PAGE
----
Our team’s discussion of the year’s best films was so large this year, we had to split it up. Today, the rest of the staff make their cases for 2018’s most memorable movies. Come inside to check it out!
If you missed out on the first part of our Best Films of 2018 breakdown, be sure to check out the picks from Garrett, Jordan, S0leb, Boltz, and Becky. If you’re all caught up and ready for more, the rest of our team is ready to discuss their top five movies for the year.
2018 was a fascinating year for movies. There were a lot of unforeseen hits and a surprising amount of sequels. We even had a bunch of books made into movies. Some movies (re)created movie magic, while others flopped so hard, it made studios rethink strategies. My list of favorite films of 2018 are flicks that had me grinning like an idiot when I got out of my seat.
Spider-Man: Into the Spiderverse - When 2018 started, I didn’t expect that my favorite film would be an animated picture. No disrespect to the hard workers behind animated films, but this was a year with some heavy-hitting live-action films. Nevertheless, the story of Miles Morales becoming Spider-Man stands head and shoulders above the rest for its clever storytelling, phenomenal artistry, and mind-blowing action. This one is a multi-watch and a must-own.
Crazy Rich Asians - I spoke in my opening paragraph about unforeseen hits. In the month of August, Crazy Rich Asians owned the box office, and with good reason. This wasn’t just a movie, this was an event, and a spectacular one at that. Crazy Rich Asians captured Singapore, like few films could, and featured an all-Asian cast that made book-lovers, movie-lovers, and the Asian community proud.
Ralph Breaks the Internet - A few years ago, Disney delivered a hilarious, heartfelt love letter to the classic arcade games we grew up loving with Wreck-It Ralph. In Ralph Breaks the Internet, Disney’s latest letter extends out to the broader reaches of the internet, and it’s just wonderful. This film captures the essence of the internet, today’s video games, and wraps it up in a loving bow. It’s a series I hope continues, because it’s a blast each and every time.
Marvel Films (Avengers: Infinity War, Black Panther, Ant-man and the Wasp) - This is a total cop-out, but I have 0 shame about it. Marvel produced 3 incredible films in one year and deserves mad recognition for it. Ant-man and the Wasp was the weakest of the bunch, but that doesn’t say much. Despite not being a film post-Infinity War like we wanted, Paul Rudd & co. turned out to be much-needed comedic respite. As for the aforementioned Infinity War, this was the culmination of 10 years of storytelling and it absolutely delivered. It gave goosebump moments, hilarious anecdotes, and scenes that don’t tug out your heart-strings, they rip them out and show you Temple of Doom Style. We began the year on a high-note, though, with Black Panther. It featured a mostly all-Black cast and told a memorable story that did the King of Wakanda justice. Plus, Michael B. Jordan gave us a unique and intriguing villain that I sympathized with. Overall, it was just an incredible superhero season at Marvel.
MIKE (Casual Cinecast)
First Reformed - This film stars Ethan Hawke as a pastor who wants to help. But when he begins rapidly losing hope in society and his own church, he begins to look for newer and darker outlets for his sorrow. This came out pretty early in the year and was mostly overlooked by general audiences, and it’s easy to see why. I still have yet to see a movie this year, or the past few, that has so perfectly captured my anxieties and fears about the state of the world and where we’re all headed. This is not a feel-good film.... That said, for my money, it’s the most thought provoking, well written and well acted drama all year.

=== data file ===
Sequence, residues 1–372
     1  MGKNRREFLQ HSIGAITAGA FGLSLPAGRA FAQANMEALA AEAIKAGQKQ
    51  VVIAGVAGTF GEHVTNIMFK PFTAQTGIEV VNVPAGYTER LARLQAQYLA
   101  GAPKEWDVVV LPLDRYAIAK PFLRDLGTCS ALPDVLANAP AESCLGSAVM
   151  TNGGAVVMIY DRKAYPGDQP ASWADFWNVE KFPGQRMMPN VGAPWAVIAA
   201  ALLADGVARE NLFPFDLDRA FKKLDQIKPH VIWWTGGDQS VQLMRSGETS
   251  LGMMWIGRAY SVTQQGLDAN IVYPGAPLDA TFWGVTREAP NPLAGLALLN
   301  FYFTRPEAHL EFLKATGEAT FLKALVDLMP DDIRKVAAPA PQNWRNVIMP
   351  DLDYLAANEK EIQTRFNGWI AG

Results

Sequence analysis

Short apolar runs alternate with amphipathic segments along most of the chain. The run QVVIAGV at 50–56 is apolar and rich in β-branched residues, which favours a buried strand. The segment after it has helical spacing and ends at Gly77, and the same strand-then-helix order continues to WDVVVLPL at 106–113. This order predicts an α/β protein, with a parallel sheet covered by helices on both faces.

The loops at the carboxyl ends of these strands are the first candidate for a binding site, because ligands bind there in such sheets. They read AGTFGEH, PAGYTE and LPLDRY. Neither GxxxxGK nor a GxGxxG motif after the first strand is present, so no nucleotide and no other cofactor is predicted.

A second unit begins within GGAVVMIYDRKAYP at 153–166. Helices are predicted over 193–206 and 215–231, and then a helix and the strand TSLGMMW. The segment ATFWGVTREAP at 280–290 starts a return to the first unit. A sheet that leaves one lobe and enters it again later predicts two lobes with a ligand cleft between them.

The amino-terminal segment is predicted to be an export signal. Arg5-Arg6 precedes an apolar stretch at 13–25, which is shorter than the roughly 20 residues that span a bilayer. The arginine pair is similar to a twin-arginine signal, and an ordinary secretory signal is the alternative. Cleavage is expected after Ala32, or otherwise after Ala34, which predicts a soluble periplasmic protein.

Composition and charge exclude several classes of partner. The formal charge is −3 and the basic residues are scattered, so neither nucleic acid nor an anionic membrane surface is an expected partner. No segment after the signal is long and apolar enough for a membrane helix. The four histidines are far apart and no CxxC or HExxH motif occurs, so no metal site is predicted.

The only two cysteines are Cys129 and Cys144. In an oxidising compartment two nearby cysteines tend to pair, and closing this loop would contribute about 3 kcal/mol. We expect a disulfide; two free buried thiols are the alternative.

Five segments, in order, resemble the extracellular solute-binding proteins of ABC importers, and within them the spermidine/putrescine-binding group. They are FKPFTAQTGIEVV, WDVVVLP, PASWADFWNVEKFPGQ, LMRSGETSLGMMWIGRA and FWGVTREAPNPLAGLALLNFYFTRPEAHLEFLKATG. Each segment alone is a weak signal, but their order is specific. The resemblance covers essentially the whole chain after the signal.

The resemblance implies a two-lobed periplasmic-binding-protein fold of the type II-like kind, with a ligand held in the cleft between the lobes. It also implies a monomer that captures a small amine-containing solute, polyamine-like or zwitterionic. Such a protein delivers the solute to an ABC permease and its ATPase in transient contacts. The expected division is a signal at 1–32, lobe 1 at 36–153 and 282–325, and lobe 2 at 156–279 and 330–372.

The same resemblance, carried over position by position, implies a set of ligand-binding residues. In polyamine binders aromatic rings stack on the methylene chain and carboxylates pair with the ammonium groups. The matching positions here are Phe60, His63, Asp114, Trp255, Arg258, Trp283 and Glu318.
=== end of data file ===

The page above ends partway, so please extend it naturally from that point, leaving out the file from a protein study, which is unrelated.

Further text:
Roma - This film (from director Alfonso Cuaron) is a very personal, yet universal love letter to all those people in our lives who might have helped raise us or been there for us, but were never appreciated the way they should have been. Roma is about a housekeeper named Cleo who living with an upper-middle class family in Mexico City in 1970. Throughout the film we see her laugh, cry, experience tragedy, nostalgia and love. She watches the children and cleans up the family dogs poop... and by the end, we realize people like her a miracle.
The Favourite - This film almost ranked higher on my list. Rachel Weisz, Emma Stone and Olivia Colman are all so wonderful in this film. In fact there are so many scene stealers, that it’s hard to believe they all hold their own against one another. That said, if there is any justice in this world (and their likely isn’t), Olivia Colman will get an Academy Award for her portrayal of Queen Anne. However, you should know that this is not another awards-bait costume drama…. Yorgos Lanthimos’ is known for his off center style and The Favourite is certainly that. It’s dark, smart and most of all, relentlessly funny.
Eighth Grade - This is a film that probably best captures my entire grade school experience from start to finish. Eighth Grade is about an introverted girl named Kayla (Elsie Fisher) who is having a difficult time in school. She is not good at making friends. But instead of over the top bullies treating our main character badly, like in so many times in movies, this film is about the process of discovering social skills, and figuring out what kind of person you are. It never feels false, or contrived.
Mission Impossible: Fallout - I’ve always been a fan of the MI films and I’ve seen them all in theaters throughout my life. Tom Cruise seems to be the only old school style movie star left these days who actually cares about giving the audience proper action scenes… Not the blue/green screen blandness that we have gotten used to in so many major “action”films. The stunt work is obviously what this franchise is known best for, and with this film… It’s easy to see why. Not to mention, director Chris McQuarrie seems to have an unmatched eye for filming action scenes. In this film, each scene out does the previous one and by the end, you feel exhausted from the ride.